Six Sigma Goals and Tools 310
This class covers the Six Sigma DMAIC process improvement method and its primary goals, including the most common sub-steps and frequently used tools.
Number of Lessons 17
- Six Sigma Goals and Tools
- DMAIC Step Structure
- Define Stage Goals
- Define Stage: Project Definition Tools
- Define Stage: Target Definition Tools
- Measure Stage Goals
- Measure Stage Tools: Collecting Data
- Measure Stage Tools: Calculating Current Sigma
- Analyze Stage Goals
- Analyze Stage: Statistical and Process Analysis Tools
- Analyze Stage: Root Cause Analysis Tools
- Improve Stage Goals
- Improve Stage Tools
- Control Stage Goals
- Control Stage Tools
- Describe the relationship between Six Sigma goals and the DMAIC process.
- Describe how the DMAIC steps are completed.
- Describe the goals of the "define" stage.
- Describe how tools are used to define the Six Sigma project.
- Describe how tools are used to define the target of a Six Sigma project.
- Describe the goals of the "measure" stage.
- Describe how data collection tools are used in the "measure" stage.
- Demonstrate how to calculate sigma.
- Describe the goals of the "analyze" stage.
- Describe how statistical and process analysis tools are used during the "analyze" stage.
- Describe how root cause analysis tools are used during the "analyze" stage.
- Describe the goals of the "improve" stage.
- Describe how tools are used during the "improve" stage.
- Describe the goals of the "control" stage.
- Describe how tools are used during the "control" stage.
A tool used to organize different data or ideas into categories. Affinity diagrams are sometimes used in brainstorming.
cause and effect diagram
A graphical tool used to find root causes. Cause and effect diagrams are also called fishbone diagrams.
Data that can be measured on a scale and compared with other data. Also known as variable data, continuous data can be added to or subtracted from other continuous data.
A graph that charts data and provides a picture of how a process is performing over time. It includes the upper and lower limits within which the process should operate.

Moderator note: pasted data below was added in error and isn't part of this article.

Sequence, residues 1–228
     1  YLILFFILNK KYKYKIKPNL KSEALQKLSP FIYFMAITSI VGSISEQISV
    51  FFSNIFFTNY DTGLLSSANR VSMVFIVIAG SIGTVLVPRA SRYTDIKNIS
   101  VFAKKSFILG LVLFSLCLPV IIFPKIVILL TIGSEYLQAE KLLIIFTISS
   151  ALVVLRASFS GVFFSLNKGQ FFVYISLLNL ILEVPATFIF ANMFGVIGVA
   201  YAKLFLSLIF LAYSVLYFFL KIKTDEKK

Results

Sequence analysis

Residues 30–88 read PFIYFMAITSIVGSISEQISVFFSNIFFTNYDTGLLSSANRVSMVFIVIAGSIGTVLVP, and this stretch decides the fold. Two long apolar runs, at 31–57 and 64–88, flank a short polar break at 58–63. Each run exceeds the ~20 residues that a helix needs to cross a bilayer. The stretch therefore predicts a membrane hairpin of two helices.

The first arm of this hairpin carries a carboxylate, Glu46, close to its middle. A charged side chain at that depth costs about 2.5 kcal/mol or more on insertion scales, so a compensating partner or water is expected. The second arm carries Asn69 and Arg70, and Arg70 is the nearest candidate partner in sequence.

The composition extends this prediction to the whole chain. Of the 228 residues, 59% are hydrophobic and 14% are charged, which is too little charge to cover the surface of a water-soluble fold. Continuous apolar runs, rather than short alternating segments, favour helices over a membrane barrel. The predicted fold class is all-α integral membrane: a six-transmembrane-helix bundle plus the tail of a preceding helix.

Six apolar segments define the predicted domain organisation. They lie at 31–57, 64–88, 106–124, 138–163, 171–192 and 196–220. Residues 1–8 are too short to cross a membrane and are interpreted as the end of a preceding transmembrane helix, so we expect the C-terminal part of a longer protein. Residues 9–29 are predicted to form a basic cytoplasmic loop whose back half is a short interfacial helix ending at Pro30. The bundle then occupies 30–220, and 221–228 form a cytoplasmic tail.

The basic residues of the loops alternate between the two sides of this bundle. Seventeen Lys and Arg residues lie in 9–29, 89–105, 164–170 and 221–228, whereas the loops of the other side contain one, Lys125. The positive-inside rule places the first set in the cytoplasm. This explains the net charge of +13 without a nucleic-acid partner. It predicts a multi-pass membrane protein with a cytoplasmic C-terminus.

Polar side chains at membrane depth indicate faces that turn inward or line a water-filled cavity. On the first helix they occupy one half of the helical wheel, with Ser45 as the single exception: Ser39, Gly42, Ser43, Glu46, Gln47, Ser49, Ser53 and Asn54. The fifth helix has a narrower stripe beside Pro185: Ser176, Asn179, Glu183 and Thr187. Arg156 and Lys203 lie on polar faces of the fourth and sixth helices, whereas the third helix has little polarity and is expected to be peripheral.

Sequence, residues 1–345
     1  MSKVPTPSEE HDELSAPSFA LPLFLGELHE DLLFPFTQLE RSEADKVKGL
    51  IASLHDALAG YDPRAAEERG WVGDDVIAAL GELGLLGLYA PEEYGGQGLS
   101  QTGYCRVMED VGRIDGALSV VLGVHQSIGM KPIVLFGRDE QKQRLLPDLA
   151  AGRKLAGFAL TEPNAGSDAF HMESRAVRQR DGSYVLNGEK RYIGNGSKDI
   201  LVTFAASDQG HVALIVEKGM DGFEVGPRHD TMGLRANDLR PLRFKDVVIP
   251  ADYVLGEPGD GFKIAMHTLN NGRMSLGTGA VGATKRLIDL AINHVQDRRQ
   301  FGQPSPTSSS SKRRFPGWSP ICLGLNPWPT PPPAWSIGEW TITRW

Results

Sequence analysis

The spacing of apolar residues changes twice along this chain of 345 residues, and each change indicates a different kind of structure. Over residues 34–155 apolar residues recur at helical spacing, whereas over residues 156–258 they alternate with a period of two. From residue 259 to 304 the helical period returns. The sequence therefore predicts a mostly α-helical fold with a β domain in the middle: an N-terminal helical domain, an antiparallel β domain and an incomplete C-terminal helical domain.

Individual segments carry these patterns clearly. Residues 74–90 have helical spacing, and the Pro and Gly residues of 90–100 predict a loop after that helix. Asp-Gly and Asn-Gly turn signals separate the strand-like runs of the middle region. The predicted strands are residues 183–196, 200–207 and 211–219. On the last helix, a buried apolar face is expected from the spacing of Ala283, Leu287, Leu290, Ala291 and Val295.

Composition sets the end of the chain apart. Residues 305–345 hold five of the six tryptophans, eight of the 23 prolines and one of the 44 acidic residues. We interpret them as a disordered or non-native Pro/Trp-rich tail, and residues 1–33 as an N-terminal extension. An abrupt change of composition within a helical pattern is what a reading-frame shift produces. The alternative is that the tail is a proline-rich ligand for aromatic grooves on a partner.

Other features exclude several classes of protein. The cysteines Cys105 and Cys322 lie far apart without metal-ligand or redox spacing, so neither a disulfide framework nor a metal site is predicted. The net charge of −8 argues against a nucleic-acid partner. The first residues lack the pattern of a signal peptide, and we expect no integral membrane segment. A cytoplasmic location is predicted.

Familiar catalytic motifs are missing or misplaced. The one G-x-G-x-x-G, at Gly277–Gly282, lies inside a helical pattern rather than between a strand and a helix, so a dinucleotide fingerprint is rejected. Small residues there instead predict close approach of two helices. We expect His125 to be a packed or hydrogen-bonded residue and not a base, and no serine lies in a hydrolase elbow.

A document that sets the limits within which the process should operate. This tool lists specific process activities and then states the variables or risks affecting them, as well as their specifications.
critical to quality
Specific, measurable characteristics of a product or process that are identified by customers as necessary for their satisfaction.
A Six Sigma tool used in the define stage to determine which key measurable characteristics of a product or process are most important to the customer and which areas of the process impact those characteristics.
A calculation that determines the current number of errors per million opportunities that are occurring within a process.
data collection plan
A document that defines all the details concerning data collection, including how much and what type of data is required and when and how it should be collected.
The total number of failed opportunities or requirements, such as 12 parts with misshapen holes or 10 parts with scratches.
A product of the process that usually contains conclusions or outcomes.
Data that represents an individual characteristic or a count. Also known as attribute data, discrete data cannot be added to or subtracted from other discrete data.
Six Sigma's five steps for process improvement. DMAIC stands for define, measure, analyze, improve, and control.
An outside organization or individual that receives a product or service from the company.